The former Minister for Agriculture has called for Brussels to raise its dairy intervention price owing to what he said is a “growing lack of confidence in the dairy sector.”

Fianna Fail’s spokesperson on Foreign Affairs & Trade, Brendan Smith was Minister for Agriculture, Fisheries and Food from 2008 to 2011.

Smith also served as Minister of State at the Department of Agriculture and Food from 2004 to 2007.

“I have met many good, hard-working farmers who have built-up dairy herds and on-farm facilities over the years and some of them are questioning how long they’ll stay in the sector,” Smith said.

A year ago the then-minister and the industry in general really hyped-up the abolition of milk quotas and the benefits it would have for this country.”

Smith said that when he negotiated in 2008 the end of milk quotas for 2015, he had emphasized that it must be accompanied by proper market support measures.

“What’s lacking dreadfully at the moment is a proper intervention price, which [at present] is way below the cost of production.

“With world prices still in negative territory, and no great optimism in the near future of it improving, there is an absolute need for the agricultural commission to increase substantially the price of intervention.”

Smith said that while he strongly favoured the abolition of milk quotas, it needed to be accompanied by a proper suite of market support measures. Those measures, he said, were “left out of the equation at year ago” when dairy prices were strong.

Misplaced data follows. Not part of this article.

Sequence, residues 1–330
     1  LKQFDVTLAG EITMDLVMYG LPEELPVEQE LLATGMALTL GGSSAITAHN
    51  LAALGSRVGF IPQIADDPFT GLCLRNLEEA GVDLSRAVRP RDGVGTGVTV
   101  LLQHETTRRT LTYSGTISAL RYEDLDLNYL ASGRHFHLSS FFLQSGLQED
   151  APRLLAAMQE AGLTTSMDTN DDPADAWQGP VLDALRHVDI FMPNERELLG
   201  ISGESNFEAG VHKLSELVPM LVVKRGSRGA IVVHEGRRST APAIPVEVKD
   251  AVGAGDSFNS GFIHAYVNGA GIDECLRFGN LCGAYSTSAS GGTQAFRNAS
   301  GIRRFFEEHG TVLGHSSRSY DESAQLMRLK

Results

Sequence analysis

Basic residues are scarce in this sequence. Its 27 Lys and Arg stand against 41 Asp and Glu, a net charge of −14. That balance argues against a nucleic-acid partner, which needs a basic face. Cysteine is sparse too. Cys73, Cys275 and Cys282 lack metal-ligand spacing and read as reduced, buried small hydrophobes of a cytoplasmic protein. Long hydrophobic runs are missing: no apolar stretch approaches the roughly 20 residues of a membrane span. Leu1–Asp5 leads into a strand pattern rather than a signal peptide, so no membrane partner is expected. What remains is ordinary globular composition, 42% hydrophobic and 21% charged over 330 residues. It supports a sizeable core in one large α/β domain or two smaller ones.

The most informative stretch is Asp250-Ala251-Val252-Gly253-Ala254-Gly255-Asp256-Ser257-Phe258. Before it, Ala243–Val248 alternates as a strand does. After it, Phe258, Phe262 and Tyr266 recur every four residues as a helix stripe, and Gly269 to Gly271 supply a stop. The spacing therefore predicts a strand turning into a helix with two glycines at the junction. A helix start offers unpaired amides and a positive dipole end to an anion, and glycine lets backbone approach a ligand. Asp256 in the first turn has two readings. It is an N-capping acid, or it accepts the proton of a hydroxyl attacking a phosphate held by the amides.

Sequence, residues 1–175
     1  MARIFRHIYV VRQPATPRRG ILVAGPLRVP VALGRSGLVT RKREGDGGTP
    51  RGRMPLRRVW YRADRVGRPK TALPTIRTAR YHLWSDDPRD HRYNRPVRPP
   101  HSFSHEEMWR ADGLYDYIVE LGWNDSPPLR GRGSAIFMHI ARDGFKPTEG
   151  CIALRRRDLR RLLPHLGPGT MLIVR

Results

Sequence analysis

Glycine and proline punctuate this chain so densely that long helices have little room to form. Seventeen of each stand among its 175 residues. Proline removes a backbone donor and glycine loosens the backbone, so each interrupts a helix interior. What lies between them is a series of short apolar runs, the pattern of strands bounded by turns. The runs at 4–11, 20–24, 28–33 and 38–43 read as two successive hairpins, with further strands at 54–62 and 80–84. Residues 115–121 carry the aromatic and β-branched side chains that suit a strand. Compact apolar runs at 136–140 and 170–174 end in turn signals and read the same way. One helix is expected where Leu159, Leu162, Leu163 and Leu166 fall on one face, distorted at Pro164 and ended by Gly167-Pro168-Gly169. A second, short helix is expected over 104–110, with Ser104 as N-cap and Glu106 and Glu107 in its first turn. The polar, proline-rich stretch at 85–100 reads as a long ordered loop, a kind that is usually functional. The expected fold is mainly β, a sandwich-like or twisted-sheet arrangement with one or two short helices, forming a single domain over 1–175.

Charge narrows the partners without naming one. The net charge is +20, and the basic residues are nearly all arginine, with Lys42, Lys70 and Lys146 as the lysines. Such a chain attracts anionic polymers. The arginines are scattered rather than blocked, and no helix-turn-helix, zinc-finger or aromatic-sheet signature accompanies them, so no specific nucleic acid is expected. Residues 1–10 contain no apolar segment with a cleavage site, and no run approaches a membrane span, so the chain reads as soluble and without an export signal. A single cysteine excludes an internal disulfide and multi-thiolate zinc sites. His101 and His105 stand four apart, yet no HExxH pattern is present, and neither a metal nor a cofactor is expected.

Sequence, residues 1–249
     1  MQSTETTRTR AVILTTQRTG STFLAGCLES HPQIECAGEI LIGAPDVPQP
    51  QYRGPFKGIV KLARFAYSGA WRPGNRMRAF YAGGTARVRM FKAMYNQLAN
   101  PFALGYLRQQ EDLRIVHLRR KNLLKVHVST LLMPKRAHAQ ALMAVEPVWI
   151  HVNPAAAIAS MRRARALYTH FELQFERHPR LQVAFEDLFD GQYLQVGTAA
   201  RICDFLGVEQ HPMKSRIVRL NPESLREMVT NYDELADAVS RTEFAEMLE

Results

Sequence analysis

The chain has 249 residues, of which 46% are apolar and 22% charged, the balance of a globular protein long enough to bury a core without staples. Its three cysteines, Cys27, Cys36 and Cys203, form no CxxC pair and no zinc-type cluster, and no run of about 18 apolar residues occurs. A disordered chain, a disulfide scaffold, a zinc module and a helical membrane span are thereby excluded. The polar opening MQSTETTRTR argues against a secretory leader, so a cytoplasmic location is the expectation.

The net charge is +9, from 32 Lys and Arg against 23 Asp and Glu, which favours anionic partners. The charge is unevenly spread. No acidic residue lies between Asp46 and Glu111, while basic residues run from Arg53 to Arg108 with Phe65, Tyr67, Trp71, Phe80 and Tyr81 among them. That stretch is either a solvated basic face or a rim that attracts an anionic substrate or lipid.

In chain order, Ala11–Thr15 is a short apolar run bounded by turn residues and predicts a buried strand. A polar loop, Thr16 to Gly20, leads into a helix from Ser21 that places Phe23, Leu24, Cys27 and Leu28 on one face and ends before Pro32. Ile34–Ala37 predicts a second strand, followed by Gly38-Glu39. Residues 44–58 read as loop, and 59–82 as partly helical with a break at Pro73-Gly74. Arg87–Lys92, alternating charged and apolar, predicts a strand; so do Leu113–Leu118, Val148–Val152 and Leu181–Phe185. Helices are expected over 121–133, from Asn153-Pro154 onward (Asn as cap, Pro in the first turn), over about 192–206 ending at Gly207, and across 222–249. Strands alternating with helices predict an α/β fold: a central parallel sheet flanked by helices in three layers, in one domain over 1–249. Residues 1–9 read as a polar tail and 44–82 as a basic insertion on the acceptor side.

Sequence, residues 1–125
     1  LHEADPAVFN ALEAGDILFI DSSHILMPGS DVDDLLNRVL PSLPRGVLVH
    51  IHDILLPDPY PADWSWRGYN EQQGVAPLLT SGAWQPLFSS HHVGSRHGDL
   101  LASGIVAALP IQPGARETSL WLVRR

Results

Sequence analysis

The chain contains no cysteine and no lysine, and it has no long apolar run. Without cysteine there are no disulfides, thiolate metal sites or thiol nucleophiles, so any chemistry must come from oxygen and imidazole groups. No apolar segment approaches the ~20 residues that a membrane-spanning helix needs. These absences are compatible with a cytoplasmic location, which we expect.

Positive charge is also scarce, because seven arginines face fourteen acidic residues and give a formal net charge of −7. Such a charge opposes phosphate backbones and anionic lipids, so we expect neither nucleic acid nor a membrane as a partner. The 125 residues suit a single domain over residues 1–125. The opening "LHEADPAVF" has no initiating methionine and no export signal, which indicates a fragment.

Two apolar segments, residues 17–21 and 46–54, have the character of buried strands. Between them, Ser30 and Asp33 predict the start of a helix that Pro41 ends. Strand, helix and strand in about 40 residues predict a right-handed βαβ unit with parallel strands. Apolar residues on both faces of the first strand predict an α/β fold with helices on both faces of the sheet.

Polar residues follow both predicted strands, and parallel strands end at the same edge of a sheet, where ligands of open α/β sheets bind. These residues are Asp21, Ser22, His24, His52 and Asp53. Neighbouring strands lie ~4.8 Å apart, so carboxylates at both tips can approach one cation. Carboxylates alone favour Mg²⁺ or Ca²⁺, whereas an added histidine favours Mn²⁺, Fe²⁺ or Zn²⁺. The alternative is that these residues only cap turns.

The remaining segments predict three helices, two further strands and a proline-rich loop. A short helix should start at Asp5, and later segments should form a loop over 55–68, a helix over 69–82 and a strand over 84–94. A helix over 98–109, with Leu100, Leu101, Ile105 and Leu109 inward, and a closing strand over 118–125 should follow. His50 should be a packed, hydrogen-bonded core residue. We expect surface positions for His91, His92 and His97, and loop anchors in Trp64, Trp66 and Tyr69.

We had ill-informed media commentary about ‘white gold’ and ‘liquid gold.’ I used to detest that type of language being used.”

Smith said that raising the intervention price was the key market support measure needed by the dairy industry, but the Commission could also consider private storage aid.

“Different measures can be effective in different times, but intervention is the most appropriate one.”

However, Smith said he would not agree with a mandatory EU milk supply reduction dairy scheme and agrees with the line taken by the Government in not adopting any such measures.

“We should be in a position where we want to grow our production and our industry.”

Smith added that the Russian food ban has also, in-part, contributed to the milk price crash.

Europe has an obligation to support farmers through this most difficult time. Europe has to take action.”

In relation to Food Harvest 2020 and Food Wise 2025, Smith said we have “very sustainable food production systems” in Ireland and in Europe.

“We must not put in place any hindrances to Europe continuing to produce food on a sustainable basis.

“We have a growing world population and if we are to continue to supply safe food then we must maximise the potential for food production systems in Europe,” said Smith.

“Because, if we don’t, then we will have food transported from South America and other places where their systems are not as sustainable as ours.That would reduce the whole purpose of trying to reduce our emissions worldwide.”